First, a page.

From HS Today, on the Coast Guard's arctic presence:
One of the final presidential policy directives issued by the Bush administration, Homeland Security Presidential Directive 25 (HSPD- 25) , issued on January 9 2009 declared that the "United States is an Arctic nation", with varied and critical security interests in the Arctic region.
Since taking office the Obama administration and new Department of Homeland Security (DHS) secretary Janet Napolitano have reiterated the call for deeper focus on the Arctic, citing in particular the global security implications of climate change in the region, which by melting summer sea ice is fast accelerating maritime activity and the flow of goods, oil, gas and other resources.
Last Thursday at a special "field hearing" held in Anchorage, Alaska by US Sen. Lisa Murkowski, R-Alaska of the Senate Appropriations Subcommittee on Homeland Security, US Coast Guard Commandant Thad Allen, discussed how the Coast Guard was stepping up its Arctic Presence to address the challenges emerging in that fast changing region.
From ABC, on the Border Patrol's efforts to disrupt smuggling in Nogales:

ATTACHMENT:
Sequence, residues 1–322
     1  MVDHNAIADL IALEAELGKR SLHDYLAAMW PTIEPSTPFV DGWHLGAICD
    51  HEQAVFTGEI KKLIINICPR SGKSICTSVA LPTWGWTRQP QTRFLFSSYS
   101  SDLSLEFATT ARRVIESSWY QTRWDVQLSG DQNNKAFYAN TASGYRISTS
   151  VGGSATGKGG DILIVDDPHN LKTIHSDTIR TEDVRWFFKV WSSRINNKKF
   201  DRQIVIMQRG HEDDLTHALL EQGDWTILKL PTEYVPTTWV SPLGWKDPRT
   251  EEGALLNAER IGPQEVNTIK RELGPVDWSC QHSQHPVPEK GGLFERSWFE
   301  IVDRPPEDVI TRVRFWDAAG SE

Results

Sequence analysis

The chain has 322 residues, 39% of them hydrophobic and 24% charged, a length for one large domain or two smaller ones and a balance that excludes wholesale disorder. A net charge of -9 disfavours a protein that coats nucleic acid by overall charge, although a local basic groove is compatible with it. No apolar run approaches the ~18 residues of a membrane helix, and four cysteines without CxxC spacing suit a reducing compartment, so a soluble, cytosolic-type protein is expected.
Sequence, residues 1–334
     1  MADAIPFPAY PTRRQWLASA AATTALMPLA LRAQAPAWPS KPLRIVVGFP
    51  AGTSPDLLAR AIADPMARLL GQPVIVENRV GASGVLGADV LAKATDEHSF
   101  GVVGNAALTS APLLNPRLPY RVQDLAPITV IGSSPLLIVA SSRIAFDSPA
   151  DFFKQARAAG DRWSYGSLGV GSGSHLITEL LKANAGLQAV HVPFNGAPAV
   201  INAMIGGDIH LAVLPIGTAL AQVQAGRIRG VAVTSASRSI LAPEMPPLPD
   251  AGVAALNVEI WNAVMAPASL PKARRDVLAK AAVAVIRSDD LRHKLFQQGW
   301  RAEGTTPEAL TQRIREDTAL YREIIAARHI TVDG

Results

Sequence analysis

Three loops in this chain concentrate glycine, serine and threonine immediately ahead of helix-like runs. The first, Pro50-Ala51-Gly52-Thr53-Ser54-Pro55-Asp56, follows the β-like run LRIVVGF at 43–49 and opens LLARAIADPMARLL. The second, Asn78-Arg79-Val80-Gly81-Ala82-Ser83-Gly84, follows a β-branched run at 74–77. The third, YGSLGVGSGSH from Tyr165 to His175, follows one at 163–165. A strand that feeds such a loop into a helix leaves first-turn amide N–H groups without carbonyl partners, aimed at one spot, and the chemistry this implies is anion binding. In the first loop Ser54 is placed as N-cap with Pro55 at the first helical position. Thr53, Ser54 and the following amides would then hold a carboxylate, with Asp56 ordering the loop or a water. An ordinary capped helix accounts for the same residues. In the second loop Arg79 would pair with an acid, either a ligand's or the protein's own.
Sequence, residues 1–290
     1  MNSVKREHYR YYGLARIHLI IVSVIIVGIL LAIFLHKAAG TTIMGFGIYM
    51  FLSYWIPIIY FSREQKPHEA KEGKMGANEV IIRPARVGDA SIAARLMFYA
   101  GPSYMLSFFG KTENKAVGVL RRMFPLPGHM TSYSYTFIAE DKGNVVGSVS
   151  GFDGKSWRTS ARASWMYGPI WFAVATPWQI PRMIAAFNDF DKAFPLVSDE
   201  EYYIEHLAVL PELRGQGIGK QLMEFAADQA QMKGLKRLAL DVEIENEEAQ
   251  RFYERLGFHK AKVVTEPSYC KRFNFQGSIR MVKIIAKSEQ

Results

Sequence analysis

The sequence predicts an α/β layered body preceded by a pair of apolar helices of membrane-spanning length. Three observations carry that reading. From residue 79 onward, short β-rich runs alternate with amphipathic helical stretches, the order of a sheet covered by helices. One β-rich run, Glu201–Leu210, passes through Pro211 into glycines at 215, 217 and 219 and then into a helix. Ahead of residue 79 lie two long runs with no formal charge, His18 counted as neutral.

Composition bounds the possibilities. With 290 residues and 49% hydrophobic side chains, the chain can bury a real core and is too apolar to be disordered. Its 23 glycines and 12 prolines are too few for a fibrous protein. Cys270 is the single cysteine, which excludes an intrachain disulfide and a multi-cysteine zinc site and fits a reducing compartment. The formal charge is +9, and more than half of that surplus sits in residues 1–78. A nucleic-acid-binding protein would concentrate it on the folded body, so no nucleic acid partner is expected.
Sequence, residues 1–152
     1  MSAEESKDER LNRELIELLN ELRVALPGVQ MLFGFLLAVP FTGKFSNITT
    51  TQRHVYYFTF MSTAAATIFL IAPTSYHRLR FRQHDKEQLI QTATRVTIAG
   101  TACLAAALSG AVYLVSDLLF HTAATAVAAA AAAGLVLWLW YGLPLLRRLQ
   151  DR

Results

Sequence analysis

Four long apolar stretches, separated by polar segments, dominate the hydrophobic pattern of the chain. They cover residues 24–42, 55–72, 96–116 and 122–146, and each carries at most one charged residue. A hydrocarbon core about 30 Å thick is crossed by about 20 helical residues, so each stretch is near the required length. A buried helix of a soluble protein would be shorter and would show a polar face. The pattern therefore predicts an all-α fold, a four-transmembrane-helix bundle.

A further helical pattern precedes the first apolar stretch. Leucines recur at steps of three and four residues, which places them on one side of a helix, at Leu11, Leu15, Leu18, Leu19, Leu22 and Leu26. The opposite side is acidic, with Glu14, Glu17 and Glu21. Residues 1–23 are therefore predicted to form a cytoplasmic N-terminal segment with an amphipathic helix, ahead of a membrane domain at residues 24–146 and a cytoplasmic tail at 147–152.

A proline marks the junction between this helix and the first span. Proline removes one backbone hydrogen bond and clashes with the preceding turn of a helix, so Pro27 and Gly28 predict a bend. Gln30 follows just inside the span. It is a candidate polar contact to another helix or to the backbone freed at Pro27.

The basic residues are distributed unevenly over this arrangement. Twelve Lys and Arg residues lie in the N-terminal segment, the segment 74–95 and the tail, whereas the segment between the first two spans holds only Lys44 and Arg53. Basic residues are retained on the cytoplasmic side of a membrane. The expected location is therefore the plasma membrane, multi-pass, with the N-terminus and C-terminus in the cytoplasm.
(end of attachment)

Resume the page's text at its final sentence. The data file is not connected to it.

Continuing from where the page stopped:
Maria Elena Leyva cannot see the problem that has recently made her hometown notorious along the US-Mexican border.
It is beneath her feet -- hidden in the earth below hills speckled with mesquites, pines, and oaks.
In the words of the county sheriff, Nogales is becoming "the drug-tunnel capital of the world."
Since 1990, the US Border Patrol has found 109 tunnels along the border with Mexico, all in California and Arizona. Sixty-five -- or 60 percent -- have been found in Nogales, with 16 of those discovered in the past nine months.
Until the 1990s, the international line here was just a chain-link fence that allowed Americans and Mexicans to look each other in the eye, Ms. Leyva recalls, sitting on a porch only two blocks from the border. But during the past few years in particular, an arsenal of manpower, physical barriers, and electronic surveillance has made the border a virtual fortress.
This has forced drug smugglers to look for alternate means of moving marijuana, heroine, and cocaine into the US. "We've increased our enforcement on the ground, so they have to compensate for it and that's why they're developing tunnels," Border Patrol spokesman Michael Scioli says.
9 AM PDT
U.S. Customs and Border Protection (CBP) Office of Air & Marine Operations personnel will participate in a media availability and demonstration of the newly acquired Advanced Concept Demonstrator Vessel
Squallicum Harbor Boat Ramp
Roeder Avenue and Bellwether Way
3 PM MST
U.S. Immigration and Customs Enforcement (ICE) Special Advisor to the Assistant Secretary John P. Torres will participate in a media availability about the beginning of the 2009 Mexican Interior Repatriation Program (MIRP)
Tucson International Airport
Executive Flight Terminal